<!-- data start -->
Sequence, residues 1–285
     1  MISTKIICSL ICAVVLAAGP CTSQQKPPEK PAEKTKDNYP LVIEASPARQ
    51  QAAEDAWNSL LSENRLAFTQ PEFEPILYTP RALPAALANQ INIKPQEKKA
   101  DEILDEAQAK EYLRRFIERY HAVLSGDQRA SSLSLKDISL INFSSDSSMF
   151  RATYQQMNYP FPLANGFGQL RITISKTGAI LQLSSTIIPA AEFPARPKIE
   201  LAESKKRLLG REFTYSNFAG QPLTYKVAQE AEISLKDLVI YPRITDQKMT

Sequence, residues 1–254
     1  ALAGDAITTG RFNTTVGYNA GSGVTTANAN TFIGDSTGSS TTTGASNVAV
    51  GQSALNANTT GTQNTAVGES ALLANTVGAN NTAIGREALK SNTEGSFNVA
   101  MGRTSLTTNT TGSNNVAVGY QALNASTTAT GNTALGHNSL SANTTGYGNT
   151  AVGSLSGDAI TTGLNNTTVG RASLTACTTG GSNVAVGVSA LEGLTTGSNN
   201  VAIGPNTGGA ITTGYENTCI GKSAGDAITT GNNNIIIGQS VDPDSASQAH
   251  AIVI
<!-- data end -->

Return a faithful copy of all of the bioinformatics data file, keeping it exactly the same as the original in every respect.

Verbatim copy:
Sequence, residues 1–285
     1  MISTKIICSL ICAVVLAAGP CTSQQKPPEK PAEKTKDNYP LVIEASPARQ
    51  QAAEDAWNSL LSENRLAFTQ PEFEPILYTP RALPAALANQ INIKPQEKKA
   101  DEILDEAQAK EYLRRFIERY HAVLSGDQRA SSLSLKDISL INFSSDSSMF
   151  RATYQQMNYP FPLANGFGQL RITISKTGAI LQLSSTIIPA AEFPARPKIE
   201  LAESKKRLLG REFTYSNFAG QPLTYKVAQE AEISLKDLVI YPRITDQKMT

Sequence, residues 1–254
     1  ALAGDAITTG RFNTTVGYNA GSGVTTANAN TFIGDSTGSS TTTGASNVAV
    51  GQSALNANTT GTQNTAVGES ALLANTVGAN NTAIGREALK SNTEGSFNVA
   101  MGRTSLTTNT TGSNNVAVGY QALNASTTAT GNTALGHNSL SANTTGYGNT
   151  AVGSLSGDAI TTGLNNTTVG RASLTACTTG GSNVAVGVSA LEGLTTGSNN
   201  VAIGPNTGGA ITTGYENTCI GKSAGDAITT GNNNIIIGQS VDPDSASQAH
   251  AIVI